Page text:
Obama's NSA Reforms Are Going to Tick Off Everyone

The intelligence community won't like what Obama's doing. Neither will reform groups and tech companies.

| Thu Jan. 16, 2014 7:32 AM PST

On Friday, President Barack Obama is expected to unveil changes to the National Security Agency's sweeping surveillance programs. The announcement comes weeks after a post-Snowden advisory panel appointed by the president issued a whopping 300-plus pages of pro-transparency recommendations that, if taken up, would radically alter how the NSA does business. But according to early reports, Obama will only be implementing small reforms. He will punt the bigger decisions to Congress—with the hope of partially appeasing lawmakers, voters, privacy advocates, and the national security community. From the looks of it, pretty much everyone is going to be mad at him. 

If Obama Lets the NSA Continue Sweeping Up Vast Information on Americans' Phone Calls…

Right now, the NSA collects Americans' phone metadata in bulk. (Metadata, which includes call dates and phone numbers, is revealing, but it doesn't include the contents of the actual conversations.) For privacy advocates, ceasing the practice is a top priority. "Ending bulk collection is essential to effective reform," says Greg Nojeim, senior counsel at the Center for Democracy & Technology​ Center. "I can't imagine anyone who's concerned about these programs is going to be satisfied by a bunch of cosmetic tweaks that leave bulk collection in place," adds Julian Sanchez, a research fellow at the libertarian Cato Institute. The conservative activist group FreedomWorks will also be mad if Obama doesn't repeal bulk surveillance. "The NSA's unconstitutional surveillance must be stopped to safeguard our civil liberties," the group writes. Julie Borowski, policy analyst for FreedomWorks, said in a press call on Thursday that the group supports the USA Freedom Act, which would end bulk collection of phone data.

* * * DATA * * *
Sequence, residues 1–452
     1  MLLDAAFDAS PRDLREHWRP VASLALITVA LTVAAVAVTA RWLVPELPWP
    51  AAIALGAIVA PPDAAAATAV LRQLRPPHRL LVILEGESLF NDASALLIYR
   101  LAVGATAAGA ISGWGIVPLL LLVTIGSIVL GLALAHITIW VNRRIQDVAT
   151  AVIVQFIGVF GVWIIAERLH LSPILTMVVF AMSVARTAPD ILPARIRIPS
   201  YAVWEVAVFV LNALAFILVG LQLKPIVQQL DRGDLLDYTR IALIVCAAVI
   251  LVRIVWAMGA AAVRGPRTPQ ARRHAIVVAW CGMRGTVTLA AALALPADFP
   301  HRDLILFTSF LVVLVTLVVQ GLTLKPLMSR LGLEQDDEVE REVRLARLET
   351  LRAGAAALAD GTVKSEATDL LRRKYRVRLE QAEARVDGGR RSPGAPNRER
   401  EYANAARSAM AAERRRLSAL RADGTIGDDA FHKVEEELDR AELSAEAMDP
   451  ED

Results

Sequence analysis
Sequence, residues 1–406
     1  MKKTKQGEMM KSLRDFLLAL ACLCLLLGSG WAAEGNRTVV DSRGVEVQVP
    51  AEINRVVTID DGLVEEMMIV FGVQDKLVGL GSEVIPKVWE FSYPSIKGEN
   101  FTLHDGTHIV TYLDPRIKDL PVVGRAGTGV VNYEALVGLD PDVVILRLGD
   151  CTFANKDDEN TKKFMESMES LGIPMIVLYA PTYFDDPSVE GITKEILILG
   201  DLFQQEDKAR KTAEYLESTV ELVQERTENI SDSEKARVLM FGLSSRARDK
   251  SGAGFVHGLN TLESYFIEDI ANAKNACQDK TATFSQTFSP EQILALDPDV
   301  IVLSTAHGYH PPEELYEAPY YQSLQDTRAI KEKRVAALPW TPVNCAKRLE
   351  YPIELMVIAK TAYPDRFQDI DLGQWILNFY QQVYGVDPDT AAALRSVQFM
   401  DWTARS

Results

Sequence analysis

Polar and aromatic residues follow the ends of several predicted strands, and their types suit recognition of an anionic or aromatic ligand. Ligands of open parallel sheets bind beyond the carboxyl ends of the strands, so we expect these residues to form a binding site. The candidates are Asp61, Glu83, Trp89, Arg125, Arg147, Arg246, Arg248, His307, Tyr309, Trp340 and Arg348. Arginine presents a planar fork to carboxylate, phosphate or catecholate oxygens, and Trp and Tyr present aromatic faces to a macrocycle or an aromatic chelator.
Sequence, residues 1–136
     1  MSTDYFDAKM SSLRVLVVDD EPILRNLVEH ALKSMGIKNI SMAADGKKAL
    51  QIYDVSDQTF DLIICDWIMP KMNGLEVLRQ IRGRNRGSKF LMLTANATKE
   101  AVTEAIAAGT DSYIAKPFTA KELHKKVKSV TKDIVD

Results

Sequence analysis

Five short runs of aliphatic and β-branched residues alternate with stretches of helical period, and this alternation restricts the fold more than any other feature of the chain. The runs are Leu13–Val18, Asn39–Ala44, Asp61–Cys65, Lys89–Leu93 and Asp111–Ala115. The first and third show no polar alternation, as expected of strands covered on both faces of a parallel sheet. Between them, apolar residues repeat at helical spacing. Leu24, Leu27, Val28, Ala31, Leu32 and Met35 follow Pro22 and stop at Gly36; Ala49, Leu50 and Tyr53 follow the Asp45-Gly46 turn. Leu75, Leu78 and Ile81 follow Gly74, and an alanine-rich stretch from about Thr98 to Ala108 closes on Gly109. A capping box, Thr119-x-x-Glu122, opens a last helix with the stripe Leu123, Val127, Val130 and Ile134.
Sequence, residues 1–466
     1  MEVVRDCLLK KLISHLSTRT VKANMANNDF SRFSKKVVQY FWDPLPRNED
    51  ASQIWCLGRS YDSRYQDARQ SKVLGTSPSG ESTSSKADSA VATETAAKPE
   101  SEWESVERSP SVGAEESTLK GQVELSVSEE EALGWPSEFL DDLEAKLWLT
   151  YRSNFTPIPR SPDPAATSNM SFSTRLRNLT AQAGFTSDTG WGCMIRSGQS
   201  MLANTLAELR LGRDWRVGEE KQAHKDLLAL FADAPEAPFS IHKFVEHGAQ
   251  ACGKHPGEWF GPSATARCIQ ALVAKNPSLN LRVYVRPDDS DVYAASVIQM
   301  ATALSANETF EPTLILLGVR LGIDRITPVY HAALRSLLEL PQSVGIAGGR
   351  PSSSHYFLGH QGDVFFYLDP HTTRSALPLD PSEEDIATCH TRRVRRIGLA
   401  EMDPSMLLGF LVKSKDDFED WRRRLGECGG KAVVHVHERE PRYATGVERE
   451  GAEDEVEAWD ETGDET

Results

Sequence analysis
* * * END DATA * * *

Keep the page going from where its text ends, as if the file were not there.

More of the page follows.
Obama's advisory panel recommended the government accede to privacy activists' demands and terminate the NSA's expansive collection and storage of phone metadata. The panel proposed that a party other than the government, such as a phone company, hold on to Americans' phone records, and it suggested that the NSA should have to seek a court order to access that data. (The NSA currently doesn't need a judge's permission each time it dips into this data.) But civil liberties advocates should prepare to be disappointed. The New York Times reported that Obama will not end this bulk collection of phone metadata. Nor is Obama likely to accept the panel's recommendation that phone companies become the guardians of this trove of data. It appears he will leave the big decisions regarding phone metadata to a polarized Congress, which is currently fighting over two bills. One introduced by Sen. Patrick Leahy (D-Vt.) and Rep. James Sensenbrenner Jr. (R-Wis.) would end bulk collection, and another, from Sen. Dianne Feinstein (D-Calif.), would codify the practice.

If Obama Imposes Modest Limits on the NSA's Telephone Metadata Collection Program…

  • Who gets mad? The NSA, Feinstein, and other members of Congress